Author jlfunkhouser
I also worked the Pink Box Burlesque Voodoo Nights show, which was on March 9 at the Bama Theater. This was the second show at Pink Box Burlesque that I worked. However, this was a brand new experience because this was the first show I worked at the Bama Theater. This meant that, unlike the Green Bar, I was not able to see the performance while it was occurring. However, I was still able to tell exactly what was going on in the acts based on the volume of the audiences’ cheers. For example, when one of the performers was doing a tease each article of clothing removed got a substantial amount of cheers that were “woo” based. However, the loudest cheer came from the audience when the performer removed her skirt and it was revealed that she was wearing a strap on. However, the cheers had more laughs than the... read more ❯
ALLELE Lecture: Erica
Published 3/13/2013 in Anthropology of Sex
Author jlfunkhouser
I attended the extra credit lecture on February 29th at 3pm. This was a lecture that was more anthropologically based than the one in the previous night which was more of a general lecture. This lecture had a significant amount of emphasis in tools which can be found in the archaeological record. I thought it was a very interesting perspective that the way people use tools could be as advantageous as it was in evolution, according to Bingham and Souza. In addition, I thought that the fact that Souza and Bingham (One, a molecular biologist and the other a psychologist) worked together was very beneficial to their research. It allowed them to maximize the fecundity of their observations. As fecundity was one of the bases of their lecture, I thought that was very important. One of my favorite aspects of their lecture was the notion that the social sciences will one day... read more ❯
Heather's Reaction to the Disgust Study
Published 3/13/2013 in Anthropology of Sex
Author jlfunkhouser
During the first part of the disgust study we were exposed to neutral stimulus, such as furniture, then asked to rate several males and female of various races based on their attractiveness. We were then asked various questions regarding our mood at the present time. During the second part of the study we were exposed to negative stimulus, such as rashes, infections and pusing limbs .As before we were asked to rate the same individuals on their attractiveness and about our present mood. I thought this was a really interested concept. I kind of thought exposing people to negative stimulus then having them rate someone’s attractiveness would always result in a negative attractiveness. So, I thought it was really interesting when the men, I think, rated the individuals higher after the disgust exposure then the neutral exposure. Maybe because they have a stronger stomach or possibly some evolutionary need to... read more ❯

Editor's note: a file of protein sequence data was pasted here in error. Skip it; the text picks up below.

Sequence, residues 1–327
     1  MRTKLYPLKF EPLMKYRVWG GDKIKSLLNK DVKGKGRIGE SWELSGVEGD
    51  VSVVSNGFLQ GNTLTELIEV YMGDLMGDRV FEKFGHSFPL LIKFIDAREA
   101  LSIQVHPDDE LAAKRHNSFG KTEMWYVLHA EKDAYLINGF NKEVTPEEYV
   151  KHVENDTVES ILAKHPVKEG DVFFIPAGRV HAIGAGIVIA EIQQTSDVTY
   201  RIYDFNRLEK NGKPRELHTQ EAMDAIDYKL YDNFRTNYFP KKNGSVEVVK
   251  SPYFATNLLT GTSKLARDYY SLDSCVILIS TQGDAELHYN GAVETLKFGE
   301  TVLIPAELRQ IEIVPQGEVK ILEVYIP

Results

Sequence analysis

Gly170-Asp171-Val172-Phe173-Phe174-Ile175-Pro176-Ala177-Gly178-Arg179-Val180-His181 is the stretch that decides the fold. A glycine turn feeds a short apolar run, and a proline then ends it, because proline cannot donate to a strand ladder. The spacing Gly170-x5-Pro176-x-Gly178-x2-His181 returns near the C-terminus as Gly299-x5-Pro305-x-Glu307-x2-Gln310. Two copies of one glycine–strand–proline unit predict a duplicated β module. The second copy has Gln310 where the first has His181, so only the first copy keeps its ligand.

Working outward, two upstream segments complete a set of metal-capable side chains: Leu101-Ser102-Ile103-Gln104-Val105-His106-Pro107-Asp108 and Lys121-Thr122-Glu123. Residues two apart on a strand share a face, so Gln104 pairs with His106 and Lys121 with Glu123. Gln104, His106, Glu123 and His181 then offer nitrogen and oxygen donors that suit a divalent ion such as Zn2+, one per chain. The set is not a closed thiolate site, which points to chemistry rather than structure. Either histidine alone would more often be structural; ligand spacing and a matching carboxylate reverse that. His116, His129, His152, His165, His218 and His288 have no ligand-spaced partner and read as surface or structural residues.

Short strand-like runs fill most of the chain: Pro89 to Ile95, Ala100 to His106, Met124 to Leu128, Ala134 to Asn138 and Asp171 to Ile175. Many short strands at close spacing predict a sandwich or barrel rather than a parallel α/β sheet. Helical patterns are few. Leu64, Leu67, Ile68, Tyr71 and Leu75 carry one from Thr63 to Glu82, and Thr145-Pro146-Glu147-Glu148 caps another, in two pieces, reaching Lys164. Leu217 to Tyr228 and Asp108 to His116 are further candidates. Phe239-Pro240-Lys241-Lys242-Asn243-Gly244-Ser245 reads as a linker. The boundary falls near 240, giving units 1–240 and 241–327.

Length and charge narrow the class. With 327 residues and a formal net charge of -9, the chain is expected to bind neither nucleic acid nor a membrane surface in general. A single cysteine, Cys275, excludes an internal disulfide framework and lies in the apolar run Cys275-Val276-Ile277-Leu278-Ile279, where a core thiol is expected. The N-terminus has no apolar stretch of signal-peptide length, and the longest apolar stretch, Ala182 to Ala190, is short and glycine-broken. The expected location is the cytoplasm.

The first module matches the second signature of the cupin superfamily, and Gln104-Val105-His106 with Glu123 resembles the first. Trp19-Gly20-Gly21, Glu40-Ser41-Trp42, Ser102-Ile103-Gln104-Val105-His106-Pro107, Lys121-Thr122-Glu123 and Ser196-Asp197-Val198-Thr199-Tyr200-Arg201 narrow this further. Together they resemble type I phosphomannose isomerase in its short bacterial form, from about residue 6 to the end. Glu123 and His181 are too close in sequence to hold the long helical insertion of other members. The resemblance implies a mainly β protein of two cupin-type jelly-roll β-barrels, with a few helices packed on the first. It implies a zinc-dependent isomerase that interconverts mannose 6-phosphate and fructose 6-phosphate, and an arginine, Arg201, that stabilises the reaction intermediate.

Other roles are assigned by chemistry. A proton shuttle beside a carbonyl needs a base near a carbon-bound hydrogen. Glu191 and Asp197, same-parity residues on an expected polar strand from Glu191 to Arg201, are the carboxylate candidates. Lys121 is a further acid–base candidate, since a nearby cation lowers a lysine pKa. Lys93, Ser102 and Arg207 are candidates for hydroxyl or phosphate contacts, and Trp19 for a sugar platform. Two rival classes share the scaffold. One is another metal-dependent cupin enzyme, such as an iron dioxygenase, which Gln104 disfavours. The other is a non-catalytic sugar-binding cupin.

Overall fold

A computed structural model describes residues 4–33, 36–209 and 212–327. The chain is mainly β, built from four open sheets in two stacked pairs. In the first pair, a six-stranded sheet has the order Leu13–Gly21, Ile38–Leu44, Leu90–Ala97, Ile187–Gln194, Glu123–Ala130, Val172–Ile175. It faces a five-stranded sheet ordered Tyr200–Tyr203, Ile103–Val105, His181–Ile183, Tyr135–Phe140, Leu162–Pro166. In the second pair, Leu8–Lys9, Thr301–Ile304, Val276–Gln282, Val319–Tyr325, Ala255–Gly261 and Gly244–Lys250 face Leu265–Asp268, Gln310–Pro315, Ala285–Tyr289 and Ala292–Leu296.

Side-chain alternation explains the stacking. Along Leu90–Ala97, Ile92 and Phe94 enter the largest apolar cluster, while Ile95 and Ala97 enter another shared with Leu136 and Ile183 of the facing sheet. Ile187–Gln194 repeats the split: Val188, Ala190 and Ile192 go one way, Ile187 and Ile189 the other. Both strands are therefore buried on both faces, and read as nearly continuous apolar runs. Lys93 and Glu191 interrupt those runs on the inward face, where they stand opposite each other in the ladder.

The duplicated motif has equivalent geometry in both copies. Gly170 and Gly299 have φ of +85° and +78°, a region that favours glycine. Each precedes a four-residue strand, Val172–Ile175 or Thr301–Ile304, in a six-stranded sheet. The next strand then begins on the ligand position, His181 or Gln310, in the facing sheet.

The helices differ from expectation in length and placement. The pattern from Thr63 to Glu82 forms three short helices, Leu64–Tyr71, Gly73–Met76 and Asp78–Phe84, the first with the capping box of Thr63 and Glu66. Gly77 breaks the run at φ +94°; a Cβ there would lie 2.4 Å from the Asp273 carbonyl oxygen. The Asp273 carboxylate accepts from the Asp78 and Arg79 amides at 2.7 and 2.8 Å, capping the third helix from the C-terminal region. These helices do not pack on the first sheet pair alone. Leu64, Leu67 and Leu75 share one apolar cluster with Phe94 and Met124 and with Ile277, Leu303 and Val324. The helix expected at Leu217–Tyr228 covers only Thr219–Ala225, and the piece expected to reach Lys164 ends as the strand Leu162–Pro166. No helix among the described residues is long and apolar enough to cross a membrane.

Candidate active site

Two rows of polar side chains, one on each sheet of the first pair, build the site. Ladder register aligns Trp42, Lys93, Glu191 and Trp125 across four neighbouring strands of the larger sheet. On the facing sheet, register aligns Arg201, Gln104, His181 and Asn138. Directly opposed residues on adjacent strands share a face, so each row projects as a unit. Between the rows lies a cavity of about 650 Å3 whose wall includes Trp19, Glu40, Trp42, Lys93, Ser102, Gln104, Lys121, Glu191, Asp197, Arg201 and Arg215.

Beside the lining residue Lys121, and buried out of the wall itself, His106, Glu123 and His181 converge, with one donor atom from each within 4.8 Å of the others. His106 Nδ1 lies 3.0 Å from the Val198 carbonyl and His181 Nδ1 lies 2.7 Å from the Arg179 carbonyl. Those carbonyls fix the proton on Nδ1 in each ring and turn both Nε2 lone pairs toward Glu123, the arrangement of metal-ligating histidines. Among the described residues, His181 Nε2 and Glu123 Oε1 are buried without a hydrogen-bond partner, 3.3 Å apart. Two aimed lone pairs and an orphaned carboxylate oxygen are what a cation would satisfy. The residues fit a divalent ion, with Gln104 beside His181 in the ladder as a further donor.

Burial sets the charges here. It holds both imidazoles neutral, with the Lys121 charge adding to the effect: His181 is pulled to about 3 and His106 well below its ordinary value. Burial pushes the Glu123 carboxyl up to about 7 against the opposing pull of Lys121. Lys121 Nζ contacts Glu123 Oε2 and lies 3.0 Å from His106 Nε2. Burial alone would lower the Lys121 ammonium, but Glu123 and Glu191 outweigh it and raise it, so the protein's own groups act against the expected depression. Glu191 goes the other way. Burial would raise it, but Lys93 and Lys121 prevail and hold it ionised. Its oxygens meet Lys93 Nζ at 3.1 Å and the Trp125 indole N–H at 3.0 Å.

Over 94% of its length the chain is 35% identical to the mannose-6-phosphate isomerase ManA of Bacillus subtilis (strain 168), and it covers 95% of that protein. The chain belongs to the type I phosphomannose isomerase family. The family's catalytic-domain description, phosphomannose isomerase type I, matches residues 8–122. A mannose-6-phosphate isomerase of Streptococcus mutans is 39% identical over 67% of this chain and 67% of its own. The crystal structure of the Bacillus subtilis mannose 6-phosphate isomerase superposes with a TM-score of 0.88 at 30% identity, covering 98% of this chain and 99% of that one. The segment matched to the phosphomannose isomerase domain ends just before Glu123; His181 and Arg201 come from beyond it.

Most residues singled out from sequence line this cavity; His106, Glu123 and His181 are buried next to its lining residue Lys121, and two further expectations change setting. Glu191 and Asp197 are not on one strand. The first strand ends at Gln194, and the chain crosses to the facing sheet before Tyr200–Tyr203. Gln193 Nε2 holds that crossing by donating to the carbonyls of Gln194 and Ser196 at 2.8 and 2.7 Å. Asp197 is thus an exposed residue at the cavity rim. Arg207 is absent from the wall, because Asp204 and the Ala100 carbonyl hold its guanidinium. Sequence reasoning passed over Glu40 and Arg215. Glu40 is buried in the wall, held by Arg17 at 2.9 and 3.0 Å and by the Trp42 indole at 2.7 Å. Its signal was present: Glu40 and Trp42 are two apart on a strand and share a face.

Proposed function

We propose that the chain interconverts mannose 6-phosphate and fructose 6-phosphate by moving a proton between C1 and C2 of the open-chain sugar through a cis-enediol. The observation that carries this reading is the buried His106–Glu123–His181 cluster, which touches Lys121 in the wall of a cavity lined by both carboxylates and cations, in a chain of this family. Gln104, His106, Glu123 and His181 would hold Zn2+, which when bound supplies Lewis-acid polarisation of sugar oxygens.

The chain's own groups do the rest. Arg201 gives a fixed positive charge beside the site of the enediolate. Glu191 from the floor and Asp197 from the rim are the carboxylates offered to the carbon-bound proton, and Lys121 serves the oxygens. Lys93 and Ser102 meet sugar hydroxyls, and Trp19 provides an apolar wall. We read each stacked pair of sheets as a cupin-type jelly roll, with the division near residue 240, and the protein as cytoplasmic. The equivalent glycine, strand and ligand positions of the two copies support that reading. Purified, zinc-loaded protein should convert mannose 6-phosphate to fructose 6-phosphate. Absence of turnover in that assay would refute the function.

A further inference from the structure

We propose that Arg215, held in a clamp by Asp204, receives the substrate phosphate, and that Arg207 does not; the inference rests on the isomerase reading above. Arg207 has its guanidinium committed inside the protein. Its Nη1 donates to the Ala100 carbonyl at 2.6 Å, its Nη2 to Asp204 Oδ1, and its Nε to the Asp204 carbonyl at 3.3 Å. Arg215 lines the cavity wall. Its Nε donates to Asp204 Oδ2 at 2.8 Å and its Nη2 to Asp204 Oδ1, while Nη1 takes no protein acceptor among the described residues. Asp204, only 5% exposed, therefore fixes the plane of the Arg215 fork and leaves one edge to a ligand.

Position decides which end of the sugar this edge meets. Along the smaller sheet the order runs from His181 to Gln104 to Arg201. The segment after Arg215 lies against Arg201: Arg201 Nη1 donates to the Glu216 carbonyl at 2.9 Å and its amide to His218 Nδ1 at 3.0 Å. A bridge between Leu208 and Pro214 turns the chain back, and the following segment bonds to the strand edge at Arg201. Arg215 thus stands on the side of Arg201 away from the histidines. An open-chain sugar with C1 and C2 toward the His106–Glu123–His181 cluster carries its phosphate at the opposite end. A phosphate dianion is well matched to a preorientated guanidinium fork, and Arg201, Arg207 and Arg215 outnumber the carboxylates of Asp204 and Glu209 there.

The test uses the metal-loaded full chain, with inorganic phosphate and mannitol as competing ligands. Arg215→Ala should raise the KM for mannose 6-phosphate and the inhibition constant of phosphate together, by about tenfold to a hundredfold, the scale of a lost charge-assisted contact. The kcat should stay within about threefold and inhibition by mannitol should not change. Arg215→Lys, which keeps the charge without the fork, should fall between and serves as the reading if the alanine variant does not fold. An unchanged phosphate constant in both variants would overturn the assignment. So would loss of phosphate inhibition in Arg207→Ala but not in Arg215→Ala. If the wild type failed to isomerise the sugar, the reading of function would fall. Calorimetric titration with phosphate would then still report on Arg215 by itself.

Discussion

Sweaty T-Shirt Experiment: Heather
Published 3/13/2013 in Anthropology of Sex
Author jlfunkhouser
For the first part sweaty T- shirt activity males were given a standard white t-shirt and instructed to sleep in it for two consecutive nights, on one of the nights they were told to do a set of jumping jacks I am assuming to induce a stronger smell. After the two nights they were told to put the shirts in a standard zip lock bag and return it to class. For the second part of the study I was instructed to take a survey asking certain personal questions like how old I was and how many weeks I was in my cycle. I then went to Ro Jo and was directed by Lynn that I should open the different shirts on the table, smell them then rate them as having a positive smell, a negative, or no smell. When I asked why some of shirts had no smell Lynn informed... read more ❯
Katlyn's Reaction to the Disgust Study
Published 3/13/2013 in Anthropology of Sex
Author jlfunkhouser
The disgust study was an interesting experience. Until the end of the study, I really had no idea what the purpose of the study was. First, we were just looking at random furniture, and then we were rating people’s attractiveness. The gross medical condition pictures and the questions about stress level gave me a little hint, but I wasn’t sure what the theory behind the experiment was exactly. My answers probably weren't very helpful to the study. Even though I can objectively tell if other people are attractive, the survey asked how attracted I was to the person in the picture. To me, those are two different questions. I scored all the women low because even though I could tell if they are considered attractive or not, I was not personally attracted to them. The men in the pictures happened to not really be my type, and so even though other people might... read more ❯

Leave a Reply